Charles M. Matthews and Eli Glatstein
What subtypes of disorders are encompassed in the general term cutaneous T-cell lymphoma?
Subtypes of cutaneous T-cell lymphoma:
1. Mycosis fungoides (MF)
2. Sézary syndrome
3. Adult T-cell leukemia/lymphoma
4. Primary cutaneous CD30 anaplastic lymphoma
The following are sometimes considered under the umbrella term of cutaneous T-cell lymphoma:
1. Lymphomatoid papulosis
2. Pagetoid reticulosis
3. Follicular mucinosis
MF comprises what % of all lymphomas?
MF comprises ~2% of all lymphomas but is the most common type of primary cutaneous lymphoma.
What is the median age at presentation in MF?
The median age at presentation of MF is 55–60 yrs.
Is there a race and gender predilection for MF?
Yes. Black race (2:1) and male gender (2.2:1) are known risk factors for having MF.
To what do MF pts have an increased susceptibility?
MF pts have an increased susceptibility to infections and other malignancies, possibly due to an impaired immune system.
What is the histo-pathologic hallmark of MF?
The histopathologic hallmark of MF is the Pautrier abscess (sometimes called microabscess), which refers to the clustering of CD4 T cells around an antigen-presenting dendritic cell in the epidermis. While this is a classic MF finding, it is present in only 20% of early-stage Dz.
What molecular study can be done to Dx early MF?
PCR for the T-cell receptor has been effective at identifying a malignant T-cell clone population in those who go on to develop MF.
What is the most common presentation of early MF?
The most common presentation of early MF is the presence of an erythematous, scaly, and pruritic lesion on an area of skin not commonly exposed to the sun.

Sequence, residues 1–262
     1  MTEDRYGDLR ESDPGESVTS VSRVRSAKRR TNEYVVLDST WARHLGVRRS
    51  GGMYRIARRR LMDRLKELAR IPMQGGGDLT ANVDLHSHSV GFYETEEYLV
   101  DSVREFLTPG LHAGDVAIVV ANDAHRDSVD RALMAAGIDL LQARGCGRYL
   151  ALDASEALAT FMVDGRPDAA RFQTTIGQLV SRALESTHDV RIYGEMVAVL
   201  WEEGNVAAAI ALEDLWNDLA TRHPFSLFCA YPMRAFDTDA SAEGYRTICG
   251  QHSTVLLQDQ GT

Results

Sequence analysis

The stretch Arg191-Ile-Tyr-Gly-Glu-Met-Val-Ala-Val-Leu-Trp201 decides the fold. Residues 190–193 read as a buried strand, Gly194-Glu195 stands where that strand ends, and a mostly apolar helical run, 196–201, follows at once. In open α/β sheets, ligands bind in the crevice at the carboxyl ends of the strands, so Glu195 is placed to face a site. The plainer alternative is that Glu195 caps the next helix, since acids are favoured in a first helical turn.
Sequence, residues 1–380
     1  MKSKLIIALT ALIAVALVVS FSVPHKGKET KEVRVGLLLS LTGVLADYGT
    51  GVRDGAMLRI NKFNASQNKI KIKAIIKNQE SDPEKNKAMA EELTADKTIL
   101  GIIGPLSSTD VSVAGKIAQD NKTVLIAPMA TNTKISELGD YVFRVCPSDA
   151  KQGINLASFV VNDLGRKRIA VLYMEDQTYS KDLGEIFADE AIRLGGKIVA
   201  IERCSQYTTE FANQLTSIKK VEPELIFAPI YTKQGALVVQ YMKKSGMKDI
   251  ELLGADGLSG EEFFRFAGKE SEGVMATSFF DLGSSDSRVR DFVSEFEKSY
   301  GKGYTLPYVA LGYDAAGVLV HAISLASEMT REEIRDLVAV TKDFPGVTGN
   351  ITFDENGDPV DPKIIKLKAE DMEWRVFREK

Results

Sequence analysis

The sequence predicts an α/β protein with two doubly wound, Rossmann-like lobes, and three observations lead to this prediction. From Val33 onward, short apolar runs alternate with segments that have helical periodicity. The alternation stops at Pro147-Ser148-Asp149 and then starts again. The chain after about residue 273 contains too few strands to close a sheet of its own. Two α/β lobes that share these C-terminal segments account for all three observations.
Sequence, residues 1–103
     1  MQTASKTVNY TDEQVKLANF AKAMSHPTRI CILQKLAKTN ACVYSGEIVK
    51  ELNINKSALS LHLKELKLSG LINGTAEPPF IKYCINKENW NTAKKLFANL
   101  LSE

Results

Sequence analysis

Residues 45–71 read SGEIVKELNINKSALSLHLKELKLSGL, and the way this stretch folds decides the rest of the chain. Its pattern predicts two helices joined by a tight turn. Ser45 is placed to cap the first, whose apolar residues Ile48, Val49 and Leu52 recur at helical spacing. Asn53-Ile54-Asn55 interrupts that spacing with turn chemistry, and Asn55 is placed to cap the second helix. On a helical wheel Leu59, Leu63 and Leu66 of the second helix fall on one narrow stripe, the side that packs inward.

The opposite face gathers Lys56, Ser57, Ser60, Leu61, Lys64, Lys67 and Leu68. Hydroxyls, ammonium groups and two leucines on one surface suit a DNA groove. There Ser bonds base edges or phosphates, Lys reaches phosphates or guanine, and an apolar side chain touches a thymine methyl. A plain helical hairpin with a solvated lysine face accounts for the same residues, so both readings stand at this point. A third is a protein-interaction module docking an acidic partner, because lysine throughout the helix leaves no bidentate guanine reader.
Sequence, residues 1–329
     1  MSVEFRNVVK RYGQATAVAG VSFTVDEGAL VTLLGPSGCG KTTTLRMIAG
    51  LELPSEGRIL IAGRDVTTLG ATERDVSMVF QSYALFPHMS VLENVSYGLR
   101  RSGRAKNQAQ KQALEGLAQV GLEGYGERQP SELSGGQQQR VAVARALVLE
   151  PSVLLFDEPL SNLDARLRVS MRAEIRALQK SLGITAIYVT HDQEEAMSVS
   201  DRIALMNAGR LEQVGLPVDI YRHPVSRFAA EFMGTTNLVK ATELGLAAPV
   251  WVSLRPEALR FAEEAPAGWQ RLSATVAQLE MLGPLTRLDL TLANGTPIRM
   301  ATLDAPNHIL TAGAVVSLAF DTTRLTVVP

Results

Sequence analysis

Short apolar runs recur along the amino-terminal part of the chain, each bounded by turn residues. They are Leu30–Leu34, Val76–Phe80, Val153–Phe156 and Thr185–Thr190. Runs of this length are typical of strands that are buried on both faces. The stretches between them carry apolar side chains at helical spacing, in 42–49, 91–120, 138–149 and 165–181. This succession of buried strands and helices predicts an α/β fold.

What are the clinical presentations/phases of MF?
Clinical presentations/phases of MF:
1. Premycotic (erythematous macule) phase
2. Patch phase
3. Plaque phase
4. Tumor phase
5. Erythroderma (>80% surface area involvement)
When MF progresses from patch to plaque, what is seen under the microscope?
When MF progresses from patch to plaque, it is apparent that the lymphoid clones begin to invade deeper into the dermis and the Pautrier abscesses are seen.
What % of MF pts have LN involvement of Dz?
~15% of MF pts have LN involvement of their Dz.
What is a Sézary cell?
Sézary cells are defined as malignant T cells with hyperconvoluted cerebriform nuclei.
What is Sézary syndrome?
Sézary syndrome is an aggressive T-cell lymphoma with the presence of erythroderma + a Sézary cell count ≥100 cells/μL, CD4 to CD8 ratio ≥10, chromosomal T-cell clones that are abnl, T-cell clone detected in the bloodstream with an abnl T-lymphocyte count, and abnl expression of pan T-cell markers (CD2, -3, -4, -5). It sometimes is considered a leukemic form of Dz.
What is the workup of MF?
MF workup: Hx with focus on B Sx, duration, distribution, and changes in any lesions, with presence or absence of pain or pruritis of lesions; physical exam with focus on the entire skin, including soles, perineum, nails, and auditory canals. Delineate skin involvement with photographs. Pathologic evaluation should include T-cell receptor gene analysis. Obtain a Sézary cell count and a T-cell receptor gene analysis in the peripheral blood. Obtain a CBC, CMP, LFTs, and PET/CT to assess for extracutaneous manifestations. Consider LN and BM Bx.